The curve of Helge von Koch (1904)

A line is divided into three equal sections. The central one is removed, and two lines of equal length are put in its place. In this way the figure below is generated.

In the center is now an equilateral triangle, with its lowest side removed. What would happen if you were to divide every line into three pieces, remove the central piece, and replace it with two other ones of equal length just like was done with the first line? You would see the situation below.

If one did the same again:

After 100 iterations I had the following picture:

Now suppose that the length op the first line was 1 dm (=10cm). Then the length of the segments in the second picture would be 1/3 dm. The total length of the segments would be 4*1/3 dm=4/3dm. After the second iteration there are already 16 segments in the curve. With each iteration a segment gets 3 times as small, but 4 times as many segments are created. The total length of the 16 segments is therefore (4/3)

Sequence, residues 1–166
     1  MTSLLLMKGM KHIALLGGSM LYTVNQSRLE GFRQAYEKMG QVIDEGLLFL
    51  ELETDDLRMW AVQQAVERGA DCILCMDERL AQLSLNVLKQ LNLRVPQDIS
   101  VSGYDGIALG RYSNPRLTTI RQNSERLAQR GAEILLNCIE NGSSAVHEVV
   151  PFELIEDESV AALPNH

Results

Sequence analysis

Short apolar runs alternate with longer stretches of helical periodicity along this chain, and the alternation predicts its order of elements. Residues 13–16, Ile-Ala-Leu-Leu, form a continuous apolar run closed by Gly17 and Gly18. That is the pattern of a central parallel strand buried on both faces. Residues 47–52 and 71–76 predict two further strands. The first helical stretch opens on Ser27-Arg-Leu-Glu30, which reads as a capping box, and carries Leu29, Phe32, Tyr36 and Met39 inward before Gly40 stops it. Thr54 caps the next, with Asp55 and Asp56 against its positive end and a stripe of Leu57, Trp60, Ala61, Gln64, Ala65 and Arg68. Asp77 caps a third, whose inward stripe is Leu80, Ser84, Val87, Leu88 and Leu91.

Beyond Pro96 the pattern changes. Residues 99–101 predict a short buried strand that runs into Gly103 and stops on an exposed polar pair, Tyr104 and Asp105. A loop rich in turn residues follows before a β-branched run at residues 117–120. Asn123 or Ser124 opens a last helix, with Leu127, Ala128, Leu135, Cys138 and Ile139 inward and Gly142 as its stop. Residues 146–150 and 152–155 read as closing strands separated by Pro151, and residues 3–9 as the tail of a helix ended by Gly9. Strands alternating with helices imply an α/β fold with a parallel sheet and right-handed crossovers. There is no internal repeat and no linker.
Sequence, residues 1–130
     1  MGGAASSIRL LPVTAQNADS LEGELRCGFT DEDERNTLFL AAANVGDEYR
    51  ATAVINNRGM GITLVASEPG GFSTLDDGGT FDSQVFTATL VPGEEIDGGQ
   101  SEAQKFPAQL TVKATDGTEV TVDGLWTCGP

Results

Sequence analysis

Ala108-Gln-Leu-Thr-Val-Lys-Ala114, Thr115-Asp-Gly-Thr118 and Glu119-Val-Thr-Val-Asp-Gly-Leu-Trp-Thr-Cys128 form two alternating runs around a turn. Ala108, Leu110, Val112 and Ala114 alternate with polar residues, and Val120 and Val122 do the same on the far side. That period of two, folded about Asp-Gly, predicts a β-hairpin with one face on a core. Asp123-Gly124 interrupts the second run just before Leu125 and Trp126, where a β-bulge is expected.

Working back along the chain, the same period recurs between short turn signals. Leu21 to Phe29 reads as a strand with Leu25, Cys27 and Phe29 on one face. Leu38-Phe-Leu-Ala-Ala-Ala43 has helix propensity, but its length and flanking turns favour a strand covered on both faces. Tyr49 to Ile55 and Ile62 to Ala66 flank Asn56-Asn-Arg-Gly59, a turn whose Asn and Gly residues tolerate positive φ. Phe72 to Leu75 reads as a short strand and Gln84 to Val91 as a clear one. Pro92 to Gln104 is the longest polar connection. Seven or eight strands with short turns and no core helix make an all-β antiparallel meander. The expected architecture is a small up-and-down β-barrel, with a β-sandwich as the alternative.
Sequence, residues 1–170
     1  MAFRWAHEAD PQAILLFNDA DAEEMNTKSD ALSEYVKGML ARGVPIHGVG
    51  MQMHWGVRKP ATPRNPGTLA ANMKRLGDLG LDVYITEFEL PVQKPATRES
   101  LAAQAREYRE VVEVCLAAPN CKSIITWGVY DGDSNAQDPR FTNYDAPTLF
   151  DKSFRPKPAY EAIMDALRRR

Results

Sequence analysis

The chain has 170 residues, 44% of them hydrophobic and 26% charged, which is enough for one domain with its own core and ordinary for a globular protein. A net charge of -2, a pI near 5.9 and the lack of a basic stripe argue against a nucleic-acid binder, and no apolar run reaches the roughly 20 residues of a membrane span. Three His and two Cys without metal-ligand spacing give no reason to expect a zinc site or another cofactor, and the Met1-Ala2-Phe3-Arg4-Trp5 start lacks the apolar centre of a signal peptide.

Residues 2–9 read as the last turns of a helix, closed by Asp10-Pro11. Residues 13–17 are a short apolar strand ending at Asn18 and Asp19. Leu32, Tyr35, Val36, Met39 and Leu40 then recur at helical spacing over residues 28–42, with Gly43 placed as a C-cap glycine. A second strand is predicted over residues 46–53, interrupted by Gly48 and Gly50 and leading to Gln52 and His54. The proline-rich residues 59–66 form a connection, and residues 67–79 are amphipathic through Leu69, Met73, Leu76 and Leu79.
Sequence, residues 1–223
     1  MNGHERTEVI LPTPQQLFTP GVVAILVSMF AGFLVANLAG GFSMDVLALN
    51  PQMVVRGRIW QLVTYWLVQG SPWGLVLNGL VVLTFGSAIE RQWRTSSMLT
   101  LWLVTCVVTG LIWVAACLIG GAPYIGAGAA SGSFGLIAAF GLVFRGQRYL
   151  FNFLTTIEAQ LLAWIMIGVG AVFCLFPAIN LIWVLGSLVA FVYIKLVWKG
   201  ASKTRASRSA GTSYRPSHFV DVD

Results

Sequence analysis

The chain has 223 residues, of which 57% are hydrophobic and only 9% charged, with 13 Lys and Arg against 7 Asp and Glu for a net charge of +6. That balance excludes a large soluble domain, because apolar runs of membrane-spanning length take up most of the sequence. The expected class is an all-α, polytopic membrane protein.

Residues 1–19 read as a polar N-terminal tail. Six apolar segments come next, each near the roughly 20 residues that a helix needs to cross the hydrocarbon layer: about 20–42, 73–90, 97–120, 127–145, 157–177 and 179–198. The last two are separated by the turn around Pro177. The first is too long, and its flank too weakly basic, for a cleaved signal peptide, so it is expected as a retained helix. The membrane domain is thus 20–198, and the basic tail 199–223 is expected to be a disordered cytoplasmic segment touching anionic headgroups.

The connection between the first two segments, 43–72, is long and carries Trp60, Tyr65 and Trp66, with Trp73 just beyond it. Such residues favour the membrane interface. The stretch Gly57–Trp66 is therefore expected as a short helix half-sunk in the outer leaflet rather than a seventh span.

After 100 iterations I have 4

The length of the 'curve' is (4/3)

If you were to stick the end of the curve to the earth, and were to pull the other end out into space, to try and pull out the 'winkles' in the curve, it would only be smooth after you were a good way past the moon. Is this the longest curve on the Internet?

If you were to continue iterating into infinity, the curve would become infinitely long. This curve is called "Koch's curve"; you can't draw it, which is why it only exists in our imagination.

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